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Chapter 2 - The System of Fundamental Rights Protection Under the European Convention on Human Rights

from PART I - THE CONCEPT OF POSITIVE OBLIGATIONS WITHIN THE CONTEXT OF THE EUROPEAN CONVENTION ON HUMAN RIGHTS

Published online by Cambridge University Press:  27 September 2018

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Summary

INTRODUCTION

In order to understand the meaning of the recognition of positive obligations under the Convention, it is first important to take into account the particularities of the Convention system. This is because a positive obligation may bear different meanings for each court or body and legal system in which it is applied. The ECtHR, in particular, has derived positive obligations from a catalogue of mainly civil and political rights under the Convention. These rather negatively formulated rights are understood by the ECtHR, principally, as obligations for states to refrain from taking action. How has this system thus allowed for the recognition of positive obligations, which demand an active interference by states?

This chapter provides a further background to the Convention system, which, as such, will be helpful for those looking for some general context of the Convention. It is also of interest for the analysis of the development of positive obligations within this system in the following chapters. Specific topics that are dealt with in this chapter are the background and purpose of the Convention (section 2.2.); its enforcement mechanisms (section 2.3.); the subsidiarity principle (section 2.4.); the role of the ECtHR (section 2.5.); the tools of interpretation of the ECtHR (section 6.); the effects of the Convention in the national legal order (section 2.7.); and the horizontal effect of Convention provisions (section 2.8.). The discussion of these topics is followed by a brief conclusion (section 2.9.).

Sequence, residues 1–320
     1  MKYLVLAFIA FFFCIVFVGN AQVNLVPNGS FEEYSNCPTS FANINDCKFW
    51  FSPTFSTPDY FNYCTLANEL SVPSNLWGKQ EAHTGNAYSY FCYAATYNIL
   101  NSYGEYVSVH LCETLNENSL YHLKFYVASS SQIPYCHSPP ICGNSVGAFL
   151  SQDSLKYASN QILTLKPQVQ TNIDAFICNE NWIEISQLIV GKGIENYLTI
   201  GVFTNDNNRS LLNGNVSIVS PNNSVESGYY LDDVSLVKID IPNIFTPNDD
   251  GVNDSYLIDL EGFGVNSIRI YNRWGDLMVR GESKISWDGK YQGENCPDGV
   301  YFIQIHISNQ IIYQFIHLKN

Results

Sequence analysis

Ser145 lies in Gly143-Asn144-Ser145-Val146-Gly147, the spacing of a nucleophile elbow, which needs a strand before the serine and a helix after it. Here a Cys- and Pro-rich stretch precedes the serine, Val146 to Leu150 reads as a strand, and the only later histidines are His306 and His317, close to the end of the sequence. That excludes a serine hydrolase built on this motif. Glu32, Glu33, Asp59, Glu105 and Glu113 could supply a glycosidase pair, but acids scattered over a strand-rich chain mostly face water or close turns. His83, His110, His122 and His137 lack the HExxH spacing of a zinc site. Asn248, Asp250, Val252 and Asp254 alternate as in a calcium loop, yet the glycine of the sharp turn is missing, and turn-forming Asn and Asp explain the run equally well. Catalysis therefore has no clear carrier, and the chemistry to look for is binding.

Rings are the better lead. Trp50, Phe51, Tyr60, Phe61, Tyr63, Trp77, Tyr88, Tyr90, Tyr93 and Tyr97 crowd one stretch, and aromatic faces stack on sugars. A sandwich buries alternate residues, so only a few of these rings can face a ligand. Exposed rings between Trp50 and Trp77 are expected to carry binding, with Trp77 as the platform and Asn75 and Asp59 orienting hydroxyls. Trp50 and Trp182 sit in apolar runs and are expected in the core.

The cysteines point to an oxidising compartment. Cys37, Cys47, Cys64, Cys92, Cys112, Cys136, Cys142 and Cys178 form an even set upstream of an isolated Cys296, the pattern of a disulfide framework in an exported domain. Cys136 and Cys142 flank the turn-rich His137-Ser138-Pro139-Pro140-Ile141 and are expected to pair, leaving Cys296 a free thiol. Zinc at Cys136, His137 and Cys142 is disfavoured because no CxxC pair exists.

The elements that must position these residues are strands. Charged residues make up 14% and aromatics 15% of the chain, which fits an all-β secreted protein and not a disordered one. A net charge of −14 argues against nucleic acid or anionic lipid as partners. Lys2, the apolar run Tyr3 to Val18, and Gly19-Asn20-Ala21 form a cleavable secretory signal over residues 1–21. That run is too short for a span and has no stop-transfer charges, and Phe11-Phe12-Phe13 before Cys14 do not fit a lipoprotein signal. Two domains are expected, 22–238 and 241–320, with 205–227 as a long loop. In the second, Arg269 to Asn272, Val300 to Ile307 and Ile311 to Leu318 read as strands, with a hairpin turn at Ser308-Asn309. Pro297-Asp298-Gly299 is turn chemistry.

BACKGROUND AND PURPOSE OF THE EUROPEAN CONVENTION ON HUMAN RIGHTS

The Convention was adopted in 1950. It was draft ed within the Council of Europe, an international organisation that was established to achieve peace and unity in Europe aft er the Second World War. At around the same time the European Coal and Steel Community and the European Atomic Energy Community, and later the European Economic Community, were established. These predecessors of the current EU essentially had the same ideal as the Council of Europe; however, they have mainly sought an economic form of cooperation between states. The Convention was, instead, oriented towards the protection of human rights.

Type
Chapter
Information
Limits of Fundamental Rights Protection by the EU
The Scope for the Development of Positive Obligations
, pp. 19 - 36
Publisher: Intersentia
Print publication year: 2017

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